UCL Department of Civil, Environmental and Geomatic Engineering


Multiscale modelling of concrete durability: From microstructure to macro-scale properties

Concrete is the most widely used man-made material in the world.

1 September 2017

During its service life, reinforced concrete may interact with its environment and suffer from various types of degradation, such as chloride-induced corrosion of reinforcing steel, carbonation and so on.

As a result, a large percentage of the total infrastructure budget is spent on the repair and maintenance of concrete structures. All these degradations are related to transport phenomena in concrete, for example the ingress of chloride ions, O2 and CO2 into concrete. This means that transport properties of concrete including diffusivity and permeability are usually considered as indicators to assess the durability and predict the service life of reinforced concrete structures. Transport properties of concrete depend on the evolution of concrete’s underlying microstructures over a wide range of length scales.

In this work, for the first time, the transport properties of saturated and unsaturated concrete are investigated from a multiscale point of view. A range of advanced experimental techniques including X-ray micro-CT, a scanning electron microscope, and computer based models are used to characterise the internal microstructure of concrete. An integrated multiscale lattice Boltzmann-finite element modelling scheme from micro- to meso-scale is developed (based on the 3D microstructure that was developed). The modelling scheme is applied to simulate single- and multi-phase flow in concrete, which is then used to determine transport properties as a function of both the moisture content and pore structure features.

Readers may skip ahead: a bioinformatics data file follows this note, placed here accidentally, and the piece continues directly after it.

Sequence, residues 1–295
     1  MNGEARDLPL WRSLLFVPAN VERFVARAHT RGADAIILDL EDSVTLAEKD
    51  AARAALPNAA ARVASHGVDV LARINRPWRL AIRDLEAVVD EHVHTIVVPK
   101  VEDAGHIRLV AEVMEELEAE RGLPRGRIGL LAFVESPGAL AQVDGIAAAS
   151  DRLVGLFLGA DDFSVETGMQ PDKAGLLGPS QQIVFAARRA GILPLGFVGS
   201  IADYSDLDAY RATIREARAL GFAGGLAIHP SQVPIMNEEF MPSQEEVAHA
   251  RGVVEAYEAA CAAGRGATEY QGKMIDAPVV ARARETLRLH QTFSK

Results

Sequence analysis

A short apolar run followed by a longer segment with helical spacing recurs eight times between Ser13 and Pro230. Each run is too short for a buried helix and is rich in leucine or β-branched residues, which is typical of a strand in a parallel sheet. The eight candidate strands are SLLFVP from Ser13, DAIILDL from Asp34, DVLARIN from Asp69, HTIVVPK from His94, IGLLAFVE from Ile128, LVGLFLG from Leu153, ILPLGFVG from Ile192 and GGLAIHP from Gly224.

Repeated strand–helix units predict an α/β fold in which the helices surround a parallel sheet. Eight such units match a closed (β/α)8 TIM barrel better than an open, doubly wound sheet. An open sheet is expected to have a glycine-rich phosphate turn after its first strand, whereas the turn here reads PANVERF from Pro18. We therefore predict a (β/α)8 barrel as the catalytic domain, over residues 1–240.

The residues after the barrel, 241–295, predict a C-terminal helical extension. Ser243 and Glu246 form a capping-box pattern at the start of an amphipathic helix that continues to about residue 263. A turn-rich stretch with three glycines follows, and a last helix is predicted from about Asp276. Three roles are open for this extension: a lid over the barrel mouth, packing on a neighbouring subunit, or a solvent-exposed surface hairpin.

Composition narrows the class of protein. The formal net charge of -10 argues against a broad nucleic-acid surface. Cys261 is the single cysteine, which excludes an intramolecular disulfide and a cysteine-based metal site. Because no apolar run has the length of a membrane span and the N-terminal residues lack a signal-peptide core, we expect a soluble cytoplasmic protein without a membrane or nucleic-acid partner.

This research makes it possible to accurately predict the service life of reinforced concrete and thus support decision-making by government and industry on the enhancement of durability concrete structures. The multiscale approach we have developed opens up the potential for a wider variety of applications outside cement-based materials, such as petroleum engineering and geosciences, waste containment and disposal, fuel cell and so on.